Actually, in percentage terms by far the biggest savings in the Ryan budget comes from essentially shutting down the federal government, except for Social Security, health care programs and the military. The CBO analysis of his budget [Table 2] shows that all other areas of federal spending falls to 4.75 percent of GDP by 2040 and 3.75 percent of GDP by 2050.

Military spending is currently more than 4.0 percent of GDP and Representative Ryan has indicated that he wants to keep spending at its current levels or raise it. This means that under the Ryan Budget, by 2040 there will be almost no money left for national parks, education, the State Department, the Food and Drug Aministration, federal courts and all the other activities currently supported by the federal government. By 2050 there will be no money left for these activities. The Post has seriously misrepresented Representative Ryan's agenda by not pointing out thus fact to readers.

The article also misled readers by repeatedly referring to a report from the Bowles-Simpson commission. There was not report from the commission. A commission report required the support of 14 of the 18 members of the commission as is clearly stated in its by-laws. No plan received the necessary support to be approved by the commission. The report noted in this piece should be indentified as the report of the commission's co-chairs, Morgan Stanley director Erskine Bowles and former Senator Alan Simpson.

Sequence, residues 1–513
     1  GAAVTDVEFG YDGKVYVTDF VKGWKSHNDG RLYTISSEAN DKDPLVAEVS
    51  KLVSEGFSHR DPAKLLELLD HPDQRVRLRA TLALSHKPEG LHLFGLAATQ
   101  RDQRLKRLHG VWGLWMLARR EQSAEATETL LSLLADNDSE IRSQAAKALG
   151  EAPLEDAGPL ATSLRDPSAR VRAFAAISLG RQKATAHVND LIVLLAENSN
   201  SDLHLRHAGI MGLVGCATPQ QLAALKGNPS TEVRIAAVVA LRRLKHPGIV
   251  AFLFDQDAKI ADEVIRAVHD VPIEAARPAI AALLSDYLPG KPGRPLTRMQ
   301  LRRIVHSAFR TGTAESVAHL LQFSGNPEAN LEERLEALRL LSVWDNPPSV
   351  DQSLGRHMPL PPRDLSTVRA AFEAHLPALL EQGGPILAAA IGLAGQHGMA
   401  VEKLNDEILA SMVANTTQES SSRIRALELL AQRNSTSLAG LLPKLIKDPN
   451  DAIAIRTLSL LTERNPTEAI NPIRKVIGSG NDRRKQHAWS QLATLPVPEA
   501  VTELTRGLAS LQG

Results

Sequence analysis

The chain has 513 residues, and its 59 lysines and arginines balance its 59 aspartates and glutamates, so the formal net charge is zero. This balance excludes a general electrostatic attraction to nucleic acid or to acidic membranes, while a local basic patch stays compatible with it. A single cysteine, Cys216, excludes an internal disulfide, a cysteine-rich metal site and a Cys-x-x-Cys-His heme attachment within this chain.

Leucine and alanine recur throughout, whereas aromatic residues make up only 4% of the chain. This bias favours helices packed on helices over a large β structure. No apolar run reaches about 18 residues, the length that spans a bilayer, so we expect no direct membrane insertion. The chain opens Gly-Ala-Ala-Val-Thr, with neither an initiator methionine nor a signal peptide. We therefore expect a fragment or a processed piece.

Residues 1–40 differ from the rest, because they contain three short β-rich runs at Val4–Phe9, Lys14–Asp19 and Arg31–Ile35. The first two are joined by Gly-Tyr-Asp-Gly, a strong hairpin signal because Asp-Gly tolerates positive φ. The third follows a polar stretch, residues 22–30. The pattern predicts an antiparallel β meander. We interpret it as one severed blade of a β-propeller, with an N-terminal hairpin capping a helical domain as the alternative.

Obama's Campaign Never Heard About the Housing Bubble Print
Saturday, 11 August 2012 16:43

Those wondering why the Obama administration has not been more aggressive in pushing for stimulus got their answer today in a Washington Post article on the selection of Representative Paul Ryan as Mitt Romney's running mate. The article includes a statement by Jim Messina, the head of President Obama's re-election campaign:

Messina attacked Ryan by saying:

"As a member of Congress, Ryan rubber-stamped the reckless Bush economic policies that exploded our deficit and crashed our economy. Now the Romney-Ryan ticket would take us back by repeating the same, catastrophic mistakes.”